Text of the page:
Book review – Charlotte Bronte: A Passionate Life by Lyndall Gordon

charlotte bronte.jpg

Published 1995

Vintage

After watching the BBC One drama To Walk Invisible shown over Christmas and written by the enviably talented Sally Wainwright, I decided to pull off my shelf a book that’s been sitting there overlooked for some time. It’s a biography of the life of Charlotte Bronte by Lyndall Gordon, a book I found in a charity shop a few years ago. It’s only now that I’ve found the time (with the prompting of the fantastic BBC drama) to read it.

I should also mention that charity shops are my go-to place for books. Not only are they cheap (I buy so many) but I feel like I’m also doing my bit for charity and if you’re lucky enough to find a really good one, then the range of titles you come across can be a revelation. My particular favourite at the moment is the Oxfam in Manchester City Centre. The books are a little pricier than in most charity shops but the variety and condition tends to be better and I certainly don’t regret braving a wet afternoon for this little gem of a book.

What Lyndall Gordon has set out to do is to reimagine, “The usual view of Charlotte Bronte…as a figure of pathos in the shadow of tombstones” to someone who was “very much a survivor, a determinedly professional writer, impatient, sarcastic.” He shows how this is at odds with her public image, one that was cultivated after her death by the likes of her husband Arthur Bell Nicholls and the writer Elizabeth Gaskell, among many.

He states that he isn’t attempting, “A final truth about a life” but rather that, “The time has come to bring out the strength that turned loss to gain.” That for me is what Gordon’s book hinges on, showing how Charlotte Bronte was able to turn tragedy into something productive and imaginative. His intention, he adds, is to open up the gaps in her story with the help of her autobiographical fiction, to reveal a hidden life with, “Abundant creative energy”, as someone who wasn’t afraid to speak up got the socially obsure.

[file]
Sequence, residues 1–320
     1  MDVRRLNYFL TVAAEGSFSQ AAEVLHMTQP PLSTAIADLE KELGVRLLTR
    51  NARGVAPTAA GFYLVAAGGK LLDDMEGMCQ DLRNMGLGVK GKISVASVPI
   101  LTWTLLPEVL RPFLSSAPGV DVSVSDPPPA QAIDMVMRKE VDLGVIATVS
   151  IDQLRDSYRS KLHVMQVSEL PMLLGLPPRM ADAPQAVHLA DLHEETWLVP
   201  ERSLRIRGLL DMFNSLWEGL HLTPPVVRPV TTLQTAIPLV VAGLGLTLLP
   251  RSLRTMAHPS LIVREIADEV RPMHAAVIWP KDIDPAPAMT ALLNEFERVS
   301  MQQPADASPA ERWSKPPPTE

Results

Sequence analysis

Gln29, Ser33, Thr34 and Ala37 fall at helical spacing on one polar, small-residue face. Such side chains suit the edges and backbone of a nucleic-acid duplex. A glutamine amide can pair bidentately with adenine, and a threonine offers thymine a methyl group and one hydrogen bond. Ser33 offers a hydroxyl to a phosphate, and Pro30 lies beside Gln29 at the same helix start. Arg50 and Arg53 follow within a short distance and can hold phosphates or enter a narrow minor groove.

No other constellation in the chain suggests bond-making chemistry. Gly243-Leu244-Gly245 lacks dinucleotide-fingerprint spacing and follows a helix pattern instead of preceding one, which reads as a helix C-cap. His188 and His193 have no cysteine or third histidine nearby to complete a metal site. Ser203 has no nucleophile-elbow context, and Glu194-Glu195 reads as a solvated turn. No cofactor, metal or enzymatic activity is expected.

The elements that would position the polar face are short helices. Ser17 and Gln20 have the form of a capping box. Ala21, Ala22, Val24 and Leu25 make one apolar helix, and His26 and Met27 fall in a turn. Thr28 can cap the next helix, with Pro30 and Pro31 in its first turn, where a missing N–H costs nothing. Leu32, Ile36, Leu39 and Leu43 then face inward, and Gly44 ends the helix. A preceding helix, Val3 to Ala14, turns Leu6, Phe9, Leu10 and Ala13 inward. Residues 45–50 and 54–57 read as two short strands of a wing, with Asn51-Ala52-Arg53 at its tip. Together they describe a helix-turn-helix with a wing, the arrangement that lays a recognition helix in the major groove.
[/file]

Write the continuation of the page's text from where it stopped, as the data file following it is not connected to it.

Gordon delves into what lies between the facts since many parts of her life were obscured by decisions taken after her death. He builds (he says) on the research of Winifred Gerin and Rebecca Fraser. Having read neither’s work, from the onset I decided to judge this work on it’s merits alone rather than where it fits into Bronte scholarship. I’m not a Bronte specialist, simple an avid reader of their work. What I wanted from this book was a fresh insight into Charlotte Bronte’s writing and life. I hoped it would bring another layer of meaning to my readings of her work and that is exactly what Lyndall Gordon has done.

This illuminating biography makes use of a wealth of Charlottes correspondence between those closest to her, correspondence that was either not used or withheld from Charlotte’s first biographer Elizabeth Gaskell. What they reveal is how these individuals, in tandem with a series of life-changing events, shaped her life and work and just as importantly, how closely the two were intertwined for Charlotte Bronte.

It also explores the questions that were of vital interest to Charlotte, questions such as, what is passion for a woman? How much she emerge from silence, raise her voice, pick up her pen?  As Gordon acknowledges, Charlotte was not as shrinking as she appeared and had the, “Courage to enter uncharted regions of women’s lives, to meet the shades who lived there, and find words for their existence.” She did this at a time when to do so would find her labelled as rebellious, unchristian or unwomanly.  Gordon describes her as, “The source of a new voice of truth that was to burst on Victorian society in the late 1840’s.”

Irrespective of whether you’re a Bronte fan or not this is a book that will appeal to all literature fans. What Gordon has attempted to do, with much success, is to dispel the myth of Charlotte Bronte as a lonely governess frequenting the moors and surrounded by the tombstones of loved ones. Instead, Gordon’s presents Charlotte Bronte as  much more of fiery character in the company of those closest to her whilst reserved and at times difficult around strangers.  Charlotte comes across less a victim and more a heroine fit for one of her own novels and at times this does feel like a reach. She’s even used as an influence on the Suffrage movement with Gordon arguing that, “She remains a speaker for the soul as for women. It could be said that she conferred a soul on the Cause which was then coming into being.” But there’s so much to recommend about this book that the unproven speculations (so much of her correspondence was destroyed) and questionable interpretations (in relation to the reasons for her marrying Arthur Bell Nicholls) can be overlooked in favour of a biography that attempts to offer fresh interpretations of her life and work, as a woman who only emerged fully in her novels.

4 stars

 

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